The journey toward the Super Bowl is now well under way with the Pittsburgh Steelers back practicing at the UPMC Rooney Sports Complex, still informally referred to as the ‘South Side’ facility. With the regular season standing in their way on the path to a Lombardi, there will be questions for them to answer along the way.
We have asked and answered a lot of questions during the preseason and through training camp, but much of the answer-seeking ends in the regular season, and teams simply have to make do with what they have available to them. Still, there will always be questions for us.
You can rest assured that we have the questions, and we will be monitoring the developments in the regular season and beyond as they develop, looking for the answers as we evaluate the makeup of the Steelers on their way back to the Super Bowl, after reaching the AFC Championship game last season for the first time in more than half a decade.
Question: Do you feel better, the worse, or the same about the Steelers’ ability to beat the Patriots today?
There are some—perhaps many—who would argue that in a normal universe with a more reasonable catch rule, the Steelers would have beaten the Patriots yesterday at Heinz Field and secured at least one seed higher than New England for the postseason.
But we live in this universe with this catch rule, and that means that Jesse James’ 10-yard touchdown with under 30 second to play never happened. And Ben Roethlisberger’s game-sealing interception two plays later did.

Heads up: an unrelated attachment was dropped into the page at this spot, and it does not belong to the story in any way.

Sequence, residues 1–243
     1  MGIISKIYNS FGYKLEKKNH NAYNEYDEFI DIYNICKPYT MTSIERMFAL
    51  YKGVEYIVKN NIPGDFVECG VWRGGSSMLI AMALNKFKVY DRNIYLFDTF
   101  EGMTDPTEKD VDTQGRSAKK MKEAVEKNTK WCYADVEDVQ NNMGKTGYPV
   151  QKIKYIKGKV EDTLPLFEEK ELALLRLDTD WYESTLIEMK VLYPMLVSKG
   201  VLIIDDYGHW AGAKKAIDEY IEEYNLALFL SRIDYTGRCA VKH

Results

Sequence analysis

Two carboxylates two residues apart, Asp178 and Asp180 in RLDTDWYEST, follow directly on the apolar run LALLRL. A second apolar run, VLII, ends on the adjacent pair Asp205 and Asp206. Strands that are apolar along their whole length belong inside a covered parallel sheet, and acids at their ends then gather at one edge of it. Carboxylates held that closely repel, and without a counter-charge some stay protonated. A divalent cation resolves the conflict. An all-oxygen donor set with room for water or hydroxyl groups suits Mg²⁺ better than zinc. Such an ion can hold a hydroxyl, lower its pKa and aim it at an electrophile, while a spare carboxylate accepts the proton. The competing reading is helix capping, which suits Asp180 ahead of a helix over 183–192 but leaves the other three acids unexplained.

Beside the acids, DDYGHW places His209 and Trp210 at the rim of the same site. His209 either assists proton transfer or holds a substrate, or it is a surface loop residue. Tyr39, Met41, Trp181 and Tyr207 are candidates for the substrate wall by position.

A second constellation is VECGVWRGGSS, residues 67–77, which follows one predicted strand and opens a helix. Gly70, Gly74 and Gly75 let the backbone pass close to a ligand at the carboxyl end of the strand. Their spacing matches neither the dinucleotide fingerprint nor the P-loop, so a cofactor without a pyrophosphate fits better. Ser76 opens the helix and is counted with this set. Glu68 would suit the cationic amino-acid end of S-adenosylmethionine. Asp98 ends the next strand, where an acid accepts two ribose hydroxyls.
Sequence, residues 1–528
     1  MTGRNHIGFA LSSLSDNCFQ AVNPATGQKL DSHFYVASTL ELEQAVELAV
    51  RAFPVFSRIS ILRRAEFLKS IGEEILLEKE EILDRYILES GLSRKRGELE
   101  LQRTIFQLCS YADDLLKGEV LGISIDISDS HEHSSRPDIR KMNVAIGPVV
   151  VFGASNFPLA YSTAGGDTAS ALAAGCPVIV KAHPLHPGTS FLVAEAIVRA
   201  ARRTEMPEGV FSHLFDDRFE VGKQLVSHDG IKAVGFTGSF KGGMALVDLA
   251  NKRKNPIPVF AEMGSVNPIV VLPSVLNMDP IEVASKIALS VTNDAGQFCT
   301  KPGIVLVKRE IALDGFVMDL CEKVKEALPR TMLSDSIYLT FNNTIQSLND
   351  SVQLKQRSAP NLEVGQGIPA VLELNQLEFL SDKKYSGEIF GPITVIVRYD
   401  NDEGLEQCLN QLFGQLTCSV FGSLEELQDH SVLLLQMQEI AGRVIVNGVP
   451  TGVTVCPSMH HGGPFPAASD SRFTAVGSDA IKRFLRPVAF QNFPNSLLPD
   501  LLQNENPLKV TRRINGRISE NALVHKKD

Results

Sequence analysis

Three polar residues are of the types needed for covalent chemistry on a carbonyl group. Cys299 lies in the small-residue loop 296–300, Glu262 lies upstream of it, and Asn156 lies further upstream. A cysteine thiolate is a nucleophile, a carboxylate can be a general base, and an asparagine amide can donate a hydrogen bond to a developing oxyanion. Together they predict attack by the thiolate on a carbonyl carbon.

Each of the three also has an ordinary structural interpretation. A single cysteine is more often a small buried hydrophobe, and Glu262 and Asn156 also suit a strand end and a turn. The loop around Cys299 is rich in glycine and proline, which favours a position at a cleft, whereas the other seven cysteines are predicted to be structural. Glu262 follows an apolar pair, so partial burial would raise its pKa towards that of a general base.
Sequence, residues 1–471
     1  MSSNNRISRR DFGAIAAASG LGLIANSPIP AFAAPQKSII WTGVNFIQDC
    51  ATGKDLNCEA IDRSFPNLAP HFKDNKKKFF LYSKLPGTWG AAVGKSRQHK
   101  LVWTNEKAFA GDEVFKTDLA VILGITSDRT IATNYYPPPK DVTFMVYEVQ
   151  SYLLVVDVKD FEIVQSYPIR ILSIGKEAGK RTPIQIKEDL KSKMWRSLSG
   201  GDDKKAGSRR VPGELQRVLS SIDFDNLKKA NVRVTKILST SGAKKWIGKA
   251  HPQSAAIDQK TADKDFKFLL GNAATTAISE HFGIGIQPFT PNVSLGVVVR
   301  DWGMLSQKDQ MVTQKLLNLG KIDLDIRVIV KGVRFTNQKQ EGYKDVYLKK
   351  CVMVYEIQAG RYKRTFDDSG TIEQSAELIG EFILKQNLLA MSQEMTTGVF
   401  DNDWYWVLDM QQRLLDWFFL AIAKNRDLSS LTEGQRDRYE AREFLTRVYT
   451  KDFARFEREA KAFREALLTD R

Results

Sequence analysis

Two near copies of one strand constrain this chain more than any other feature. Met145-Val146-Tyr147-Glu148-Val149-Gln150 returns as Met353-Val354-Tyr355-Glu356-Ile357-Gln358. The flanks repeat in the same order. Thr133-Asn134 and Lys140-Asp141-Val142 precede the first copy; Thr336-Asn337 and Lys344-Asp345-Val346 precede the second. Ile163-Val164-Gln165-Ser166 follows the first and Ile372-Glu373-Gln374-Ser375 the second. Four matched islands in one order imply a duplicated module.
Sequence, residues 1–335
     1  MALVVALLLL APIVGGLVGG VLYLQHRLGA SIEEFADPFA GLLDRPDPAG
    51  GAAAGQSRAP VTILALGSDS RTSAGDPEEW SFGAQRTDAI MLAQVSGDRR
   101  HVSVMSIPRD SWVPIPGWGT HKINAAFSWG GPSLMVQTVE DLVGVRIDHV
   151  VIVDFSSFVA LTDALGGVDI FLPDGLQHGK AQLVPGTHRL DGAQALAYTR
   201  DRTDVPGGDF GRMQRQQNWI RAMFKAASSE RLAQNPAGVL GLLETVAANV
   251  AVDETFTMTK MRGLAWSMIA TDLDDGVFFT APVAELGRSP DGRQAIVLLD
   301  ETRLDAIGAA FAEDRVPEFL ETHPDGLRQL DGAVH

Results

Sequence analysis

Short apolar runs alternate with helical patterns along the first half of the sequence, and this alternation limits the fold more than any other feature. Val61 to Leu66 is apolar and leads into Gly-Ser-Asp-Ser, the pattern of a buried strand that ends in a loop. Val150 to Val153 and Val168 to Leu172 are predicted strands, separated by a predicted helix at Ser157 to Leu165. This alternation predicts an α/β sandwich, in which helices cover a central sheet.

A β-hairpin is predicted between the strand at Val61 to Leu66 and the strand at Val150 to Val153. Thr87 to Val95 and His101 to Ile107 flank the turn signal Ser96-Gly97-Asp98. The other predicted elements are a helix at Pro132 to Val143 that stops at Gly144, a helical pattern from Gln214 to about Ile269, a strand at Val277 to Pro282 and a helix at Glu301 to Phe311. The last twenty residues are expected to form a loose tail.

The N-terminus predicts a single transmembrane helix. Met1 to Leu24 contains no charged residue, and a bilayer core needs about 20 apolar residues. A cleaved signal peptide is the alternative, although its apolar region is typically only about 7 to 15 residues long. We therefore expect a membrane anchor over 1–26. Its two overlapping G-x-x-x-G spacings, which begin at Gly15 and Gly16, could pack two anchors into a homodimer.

But this was by far the most competitive that the Steelers have been since they last took down the Patriots back in 2011, and in fact they spent a good deal of the game leading the defending Super Bowl champions.
The fact that they did so for the majority of the game without Antonio Brown also says a lot, as many other players stepped up and made big plays, including Le’Veon Bell, Martavis Bryant, JuJu Smith-Schuster, and Eli Rogers.
Even though it made not have looked or felt like it, especially at the end, the defense also put up a valiant effort, with their dabbling in man coverage being generally successful. It was really primarily Rob Gronkowski who dominated them, which will of course be an issue.
The run defense is still an obvious concern as well, but the Steelers offense looks like one that can keep pace with just about any other team, even though they ended up only with 24 points. Wiping a drive out with penalties didn’t help, nor did losing Brown.
While the implications of this loss are significant, I do feel that the majority expected the Steelers to lose, but they were far more competitive than anticipated. They were the Patriot’s peers on the night, even sacking and picking of Tom Brady. That at least gives me hope if they face New England again.